To be or not to be? 

We were able to explore the inside and the surrounding grounds of the castleclimb the 199 steps to the roof and witness the amazing views of Sweden’s coastline, explore the casemates (dark, cold, and gloomy passages located under the castle), and find the hidden, underground Holger Danske statue.   

Apart from being home to Shakespeare’s Hamlet, Kronborg castle also served as the headquarters for the collection of the Sound Dues (a toll that constituted up to two thirds of Denmark’ state income in the 16th and 17th centuries) for over 400 years. During its heyday in the 1500s, the castle was home to a lavish court life that prospered until a major fire struck the castle in 1629 with which most of the castle’s fortunes faded.  


Overall, I had a great time with my classmates at the castle. It was an experience that brought learning to life and many a fond memory from my high school AP Literature Class to mind. This day excursion is definitely worth your time and a must-do when studying abroad in Denmark. It will leave you mesmerized by its beauty and engulfed in the story of the play that’s set here.  


Chloe Zgorzelski studied in Copenhagen, Denmark in 2018:

Denmark | Puppets, Pastries, and Pools

By Chloe Zgorzelski

Eleven hours of travel and one piece of missing luggage later, I finally touched down in Copenhagen, Denmark on the evening of August 2nd. My first week in this cobblestone city was filled with welcome dinners and first encounters with my new peers, city walks and sightseeing adventures, & afternoons spent exploring my new home away from home.

One of the first things I set out to explore was Kongens Have, the park right across the street from my dorm. While soaking up the warm Scandinavian summer sun and enjoying a picnic lunch, I heard soft, fairytale- like music coming from the opposite corner of the park. Walking over to investigate, I discovered that the noise was coming from most adorable marionet puppet show! Every summer a theatre group called Marionet Teatret puts on free, daily puppet shows in the Kings Garden of Kongens Have for people of all ages and nationalities. The half-hour show I stumbled upon was called “Venner I En Nøddskal” which translates in English to “In a Nutshell”. It featured a squirrel and other woodland creatures and emphasized the necessity of both bravery and boldness in the pursuit of friendship. I really enjoyed this little show, and I appreciated that everyone who stopped to watch was able to understand it and enjoy, despite differences in age, culture, and language.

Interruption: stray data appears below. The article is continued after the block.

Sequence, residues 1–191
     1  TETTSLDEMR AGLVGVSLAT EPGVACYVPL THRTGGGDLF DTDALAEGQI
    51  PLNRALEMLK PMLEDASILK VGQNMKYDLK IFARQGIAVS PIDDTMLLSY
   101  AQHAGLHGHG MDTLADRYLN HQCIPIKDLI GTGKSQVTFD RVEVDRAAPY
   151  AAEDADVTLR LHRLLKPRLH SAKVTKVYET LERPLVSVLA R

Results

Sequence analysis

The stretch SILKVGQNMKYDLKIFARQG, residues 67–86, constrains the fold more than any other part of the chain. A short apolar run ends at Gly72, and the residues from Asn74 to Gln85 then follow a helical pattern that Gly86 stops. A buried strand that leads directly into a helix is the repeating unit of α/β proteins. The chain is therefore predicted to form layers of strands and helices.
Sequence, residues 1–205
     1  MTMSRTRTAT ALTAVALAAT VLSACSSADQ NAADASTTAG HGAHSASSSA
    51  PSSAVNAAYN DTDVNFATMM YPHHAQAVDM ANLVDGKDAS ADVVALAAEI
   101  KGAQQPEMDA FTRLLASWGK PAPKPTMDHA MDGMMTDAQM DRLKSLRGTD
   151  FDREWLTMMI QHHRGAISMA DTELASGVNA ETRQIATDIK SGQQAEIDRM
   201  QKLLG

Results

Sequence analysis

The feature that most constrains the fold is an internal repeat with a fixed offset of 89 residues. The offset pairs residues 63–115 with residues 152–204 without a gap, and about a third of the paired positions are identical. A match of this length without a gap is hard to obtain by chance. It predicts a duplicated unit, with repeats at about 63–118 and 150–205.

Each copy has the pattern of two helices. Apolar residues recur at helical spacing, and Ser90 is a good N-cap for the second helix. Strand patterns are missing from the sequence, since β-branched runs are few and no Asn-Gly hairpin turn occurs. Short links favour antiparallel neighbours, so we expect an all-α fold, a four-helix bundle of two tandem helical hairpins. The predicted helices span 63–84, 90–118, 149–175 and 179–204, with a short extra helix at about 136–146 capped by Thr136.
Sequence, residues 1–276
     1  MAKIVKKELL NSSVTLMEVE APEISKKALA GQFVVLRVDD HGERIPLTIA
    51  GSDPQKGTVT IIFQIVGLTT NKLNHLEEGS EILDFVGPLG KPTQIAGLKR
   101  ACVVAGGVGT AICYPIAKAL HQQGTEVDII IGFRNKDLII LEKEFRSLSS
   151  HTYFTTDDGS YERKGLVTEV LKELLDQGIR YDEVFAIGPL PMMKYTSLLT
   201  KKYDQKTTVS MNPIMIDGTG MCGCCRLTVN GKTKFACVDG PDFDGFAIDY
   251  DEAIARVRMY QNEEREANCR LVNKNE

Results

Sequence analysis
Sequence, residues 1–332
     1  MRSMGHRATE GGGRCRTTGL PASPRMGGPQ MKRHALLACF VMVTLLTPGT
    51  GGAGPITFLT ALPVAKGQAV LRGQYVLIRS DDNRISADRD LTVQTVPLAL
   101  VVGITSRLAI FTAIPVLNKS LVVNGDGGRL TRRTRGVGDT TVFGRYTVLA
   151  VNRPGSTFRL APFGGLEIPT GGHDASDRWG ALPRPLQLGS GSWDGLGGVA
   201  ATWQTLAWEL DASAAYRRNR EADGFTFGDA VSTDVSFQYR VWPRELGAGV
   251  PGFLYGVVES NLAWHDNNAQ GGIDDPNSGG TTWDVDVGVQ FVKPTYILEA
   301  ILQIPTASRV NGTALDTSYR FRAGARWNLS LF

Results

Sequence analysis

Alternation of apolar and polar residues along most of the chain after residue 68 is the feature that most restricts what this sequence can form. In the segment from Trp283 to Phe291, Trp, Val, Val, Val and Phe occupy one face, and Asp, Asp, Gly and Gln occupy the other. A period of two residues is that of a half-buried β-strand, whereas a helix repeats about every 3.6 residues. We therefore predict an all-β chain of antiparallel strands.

I also had the opportunity to try a variety of Danish pastries during my first week in Copenhagen. Pizzasnegles, onsdagssnegle, chokoladesnegles, and pølsehorn were just a few that I got to try. My all-time favorite so far has to be the “onsdagssnegle” that I tried from Sankt Peders Bageri, a family-owned pastry shop located in Copenhagen’s Latin Quarter. “Onsdagssnegle” directly translates in English to “Wednesday snail”. It is named this because Sankt Peders, Copenhagen’s oldest bakery, only bakes and serves them on Wednesday mornings. While the name may seem complicated, the pastry is basically just a cinnamon roll covered in either cinnamon sugar or frosting. However, I would argue that this cinnamon roll in particular is the most delicious one I have ever tasted. So, if you need me on a Wednesday morning, you’ll know where to find me.

Also – It is interesting to note that while some pastries in the U.S.A. are commonly referred to as “danishes”, these pastries in Denmark are not called “Danishes” they are simply just pastries.

After walking around the city for a few days, I noticed this really cool shop near my dorm named Posterland and I was excited to go inside and check it out. This store did not disappoint. It is set up similarly to a vinyl record store, but instead of selling music’s greatest hits, the store specializes in one of a kind posters and graphic art. You can find everything here from posters depicting Hans Christian Anderson’s infamous fairytales to giant wall posters of the latest and greatest Danish boy band. This store made me smile, and I really enjoyed sifting through the posters – old and new – and learning a little bit more about Danish culture in this unique way.

Another highlight of my first week was swimming in Copenhagen’s infamous canals. Yes – the same canals and waterways that all of the harbor ships and ferries also share. To my surprise, I found out from some local Danish friends that the water in the canals are actually clean enough and safe enough for people to swim in! During the summer months, this is an extremely common practice for the Danes, as most buildings are not air conditioned (it isn’t necessary due to Denmark’s long, cold winters). When I went, I saw a ton of people laying out on the docks, sunbathing, and enjoying lunch by the waterfront. As long as you watch out for the boats that share the waterways, the canals are a fun way to escape the summer heat and enjoy the afternoon after a long morning of class.

Even though it had only been a week, I was beginning to feel myself fall in love with this city a little bit more and more every day. I love wandering around its cobblestone corridors and next to its dreamy waterways. I feel so instantly at home. The people here are so friendly. I’m loving my classes, the people I am meeting, and the relaxed overall pace of Denmark. I can’t wait to see what’s in store the next few months.

vi ses næste indlæg! xo Chloe

Chloe Zgorzelski studied in Copenhagen, Denmark in 2018: